3. Prepare your children for the Liturgy. Try to read the Gospel reading for the day to your children on Saturday night. Explain to the children that they will hear this in church and have them listen for key words during the Gospel. During church, whisper to them to remind them to listen to the gospel story. On special days, such as Elevation of the Cross or Orthodox Sunday, have them bring in their own cross or icon so they can participate in their small way. Have children prepare an offering envelope that they can place in the collection baskets. Children as young as two can recite the Lord's Prayer. Teach it to your children and encourage them to recite it during church. Teaching your children certain routines such as lighting a candle before church, watching for the Little and Great Entrances, listening to the Gospel, receiving Holy Communion on a weekly basis, reciting the Lord's Prayer, etc., not only breaks down the service so it is manageable for young children but also teaches them a lot about the Divine Liturgy itself. (Your children will surprise you with their own observations and habits as my two year old daughter has, who, without any coaxing, crosses herself at every "Father, Son and Holy Spirit" and who sings "Alleluia" and "Lord Have Mercy" - this from a child who is described as the "wild" one of the family.) As your children grow older, expect and teach more. If you do not know enough about the Liturgy to teach it to your children, find out. What a great opportunity to enhance your own spiritual life. As your children grow older, encourage them to participate in the Divine Liturgy and the life of the community by singing in the choir and serving in the altar.
  4. Ignore comments that belittle your effort to make your children part of the church life. People who make these comments about behavior of children have little understanding of what the Church is about or Christ's acceptance and welcome of little children. I have found that my tolerance level is lower and my children's behavior appears to be worse when I am more concerned about what people are thinking rather than concentrating on encouraging my children during the Divine Liturgy. Don't let "bad" days discourage you. Evaluate what has happened, change expectations if necessary and try again. You are not alone to seek advice from other parents as well.
  5. Make the Church an important part of your life. Your own spiritual life is an important role model to your children. If the children see that God and the Church is an important part of your life, this will make a great impact as children grow older and one day, accept this faith as their own. Pray at home, read the scriptures, and involve your children in good works. Your own spiritual strength will also give you that extra strength to tolerate those less than perfect but child-like behaviors in church and to bring your children on a regular basis to the Liturgy, even during those summer months when there is no Church School. Parents who bring their children just to Church School, whether it is before or after church, do not realize that the real class is IN CHURCH. The other class is only a reinforcement. It is only an enrichment of what is being taught at home and what is being absorbed through all five senses in church. When Church School is put first rather than the Liturgy, it sends a mixed message about the importance of the church in your own life and, unfortunately, it is a much stronger message than whatever they could learn in church school.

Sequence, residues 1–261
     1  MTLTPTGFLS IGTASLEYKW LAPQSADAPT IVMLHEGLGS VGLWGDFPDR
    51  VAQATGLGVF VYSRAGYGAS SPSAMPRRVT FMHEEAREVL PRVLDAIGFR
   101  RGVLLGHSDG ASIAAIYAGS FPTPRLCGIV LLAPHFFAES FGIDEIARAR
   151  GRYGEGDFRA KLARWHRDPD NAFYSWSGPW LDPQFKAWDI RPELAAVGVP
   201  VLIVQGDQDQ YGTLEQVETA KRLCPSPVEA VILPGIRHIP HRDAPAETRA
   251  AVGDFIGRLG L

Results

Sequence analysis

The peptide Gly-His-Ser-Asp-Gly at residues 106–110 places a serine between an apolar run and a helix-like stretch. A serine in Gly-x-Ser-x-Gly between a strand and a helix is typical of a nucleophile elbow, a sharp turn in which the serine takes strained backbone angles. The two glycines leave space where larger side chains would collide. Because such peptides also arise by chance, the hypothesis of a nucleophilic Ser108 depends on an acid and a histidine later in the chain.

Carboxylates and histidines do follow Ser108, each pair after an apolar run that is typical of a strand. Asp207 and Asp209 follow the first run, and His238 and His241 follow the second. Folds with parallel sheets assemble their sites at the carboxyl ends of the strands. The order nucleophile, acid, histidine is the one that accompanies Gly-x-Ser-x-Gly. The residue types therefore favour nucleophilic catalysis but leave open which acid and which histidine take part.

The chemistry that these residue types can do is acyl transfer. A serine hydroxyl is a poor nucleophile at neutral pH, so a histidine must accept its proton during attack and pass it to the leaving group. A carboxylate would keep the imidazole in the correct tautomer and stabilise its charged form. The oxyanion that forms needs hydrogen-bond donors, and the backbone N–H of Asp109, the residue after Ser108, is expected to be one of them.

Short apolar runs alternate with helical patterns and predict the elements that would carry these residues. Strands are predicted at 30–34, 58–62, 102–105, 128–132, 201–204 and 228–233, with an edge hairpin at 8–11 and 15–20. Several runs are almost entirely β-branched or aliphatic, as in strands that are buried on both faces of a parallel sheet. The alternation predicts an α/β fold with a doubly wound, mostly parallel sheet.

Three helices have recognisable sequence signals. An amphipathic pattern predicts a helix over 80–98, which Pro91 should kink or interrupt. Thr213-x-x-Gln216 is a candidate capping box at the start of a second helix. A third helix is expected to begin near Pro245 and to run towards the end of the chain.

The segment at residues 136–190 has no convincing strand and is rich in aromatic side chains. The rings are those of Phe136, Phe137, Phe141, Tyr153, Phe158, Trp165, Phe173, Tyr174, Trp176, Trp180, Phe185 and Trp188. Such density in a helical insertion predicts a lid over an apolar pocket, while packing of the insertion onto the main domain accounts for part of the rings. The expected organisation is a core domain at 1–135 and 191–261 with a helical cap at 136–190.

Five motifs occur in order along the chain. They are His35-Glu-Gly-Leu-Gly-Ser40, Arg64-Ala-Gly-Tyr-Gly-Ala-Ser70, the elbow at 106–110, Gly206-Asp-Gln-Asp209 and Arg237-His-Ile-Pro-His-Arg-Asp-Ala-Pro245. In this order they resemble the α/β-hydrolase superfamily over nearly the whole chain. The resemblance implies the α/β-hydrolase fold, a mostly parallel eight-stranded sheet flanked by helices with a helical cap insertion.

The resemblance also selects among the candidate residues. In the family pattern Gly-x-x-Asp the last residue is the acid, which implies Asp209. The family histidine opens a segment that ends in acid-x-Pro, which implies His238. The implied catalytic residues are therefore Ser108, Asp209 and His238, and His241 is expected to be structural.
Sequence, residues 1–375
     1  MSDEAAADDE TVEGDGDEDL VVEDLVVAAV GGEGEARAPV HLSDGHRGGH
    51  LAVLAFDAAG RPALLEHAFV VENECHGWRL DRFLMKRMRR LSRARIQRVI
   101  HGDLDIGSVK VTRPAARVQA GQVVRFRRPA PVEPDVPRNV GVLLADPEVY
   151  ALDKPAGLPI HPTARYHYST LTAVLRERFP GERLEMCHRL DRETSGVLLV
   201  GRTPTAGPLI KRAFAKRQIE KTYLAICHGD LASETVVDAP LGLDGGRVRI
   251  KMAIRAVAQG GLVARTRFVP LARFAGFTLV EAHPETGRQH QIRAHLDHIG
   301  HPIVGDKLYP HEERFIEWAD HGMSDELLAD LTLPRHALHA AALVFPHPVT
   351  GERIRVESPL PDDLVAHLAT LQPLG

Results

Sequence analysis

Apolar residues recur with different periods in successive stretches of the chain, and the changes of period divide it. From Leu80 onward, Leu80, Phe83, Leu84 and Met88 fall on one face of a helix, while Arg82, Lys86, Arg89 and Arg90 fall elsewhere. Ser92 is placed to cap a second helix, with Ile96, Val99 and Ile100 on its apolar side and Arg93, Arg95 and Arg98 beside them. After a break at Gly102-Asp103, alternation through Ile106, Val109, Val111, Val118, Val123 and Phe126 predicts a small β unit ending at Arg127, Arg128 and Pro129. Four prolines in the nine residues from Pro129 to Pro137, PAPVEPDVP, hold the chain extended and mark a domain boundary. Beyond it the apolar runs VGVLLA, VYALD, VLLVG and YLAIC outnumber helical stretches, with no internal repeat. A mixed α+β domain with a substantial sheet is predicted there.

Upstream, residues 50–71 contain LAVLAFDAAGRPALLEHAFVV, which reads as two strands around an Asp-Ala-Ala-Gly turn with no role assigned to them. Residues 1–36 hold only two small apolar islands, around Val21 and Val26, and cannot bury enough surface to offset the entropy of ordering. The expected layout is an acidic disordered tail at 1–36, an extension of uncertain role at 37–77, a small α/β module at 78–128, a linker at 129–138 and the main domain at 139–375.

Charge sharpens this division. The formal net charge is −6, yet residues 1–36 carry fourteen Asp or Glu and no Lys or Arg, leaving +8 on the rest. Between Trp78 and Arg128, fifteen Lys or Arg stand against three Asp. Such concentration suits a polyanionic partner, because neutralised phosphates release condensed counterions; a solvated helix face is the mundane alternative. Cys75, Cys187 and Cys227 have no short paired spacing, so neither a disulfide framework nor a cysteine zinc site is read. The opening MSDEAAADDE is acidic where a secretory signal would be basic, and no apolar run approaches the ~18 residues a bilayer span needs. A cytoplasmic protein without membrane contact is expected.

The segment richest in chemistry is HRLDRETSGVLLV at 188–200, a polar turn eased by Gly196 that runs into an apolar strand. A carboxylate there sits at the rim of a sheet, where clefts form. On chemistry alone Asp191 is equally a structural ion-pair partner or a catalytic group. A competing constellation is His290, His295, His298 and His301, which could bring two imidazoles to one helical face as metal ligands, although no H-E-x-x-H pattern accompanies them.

6. Attend extra services with your children. Make an effort to attend weekly Vespers and other special services with your children. This is where our Elizabeth learned her "Alleluias" and "Lord Have Mercy" and where Alexander (start at four years old) is getting his feet wet as an altar boy. Although it is not always possible with young children to attend all the services during Lent, attending a few extra services including Presanctified Liturgies, special Divine Liturgies and Akathist exposes the children to the cycle of services. Again, learn about these services and prepare your children to know what they will see and hear.

In conclusion, you need to examine how you view the Church and what you see and want for your children in the life of the Church to answer for yourself if your children belong at church services. If you want your children to experience the fullness of Christ and His Church and possess a full liturgical life that will one day enhance their own spiritual life when they struggle with the question of making this faith truly their own, then you must answer "definitely."

Joan Woodward Teebagy is the wife of Fr. John Teebagy, the pastor at St. John of Damascus Orthodox Church in Dedham, Massachusetts. She has been a member of the Department of Christian Education in the Antiochian Archdiocese for several years and has been recently appointed the chairman of the Curriculum Department of the OCEC. Reprinted from OCEC News, Vol. 16, No. 1, August 15, 1995, 3 pages.

© 1996 by Orthodox Family Life and the original author(s).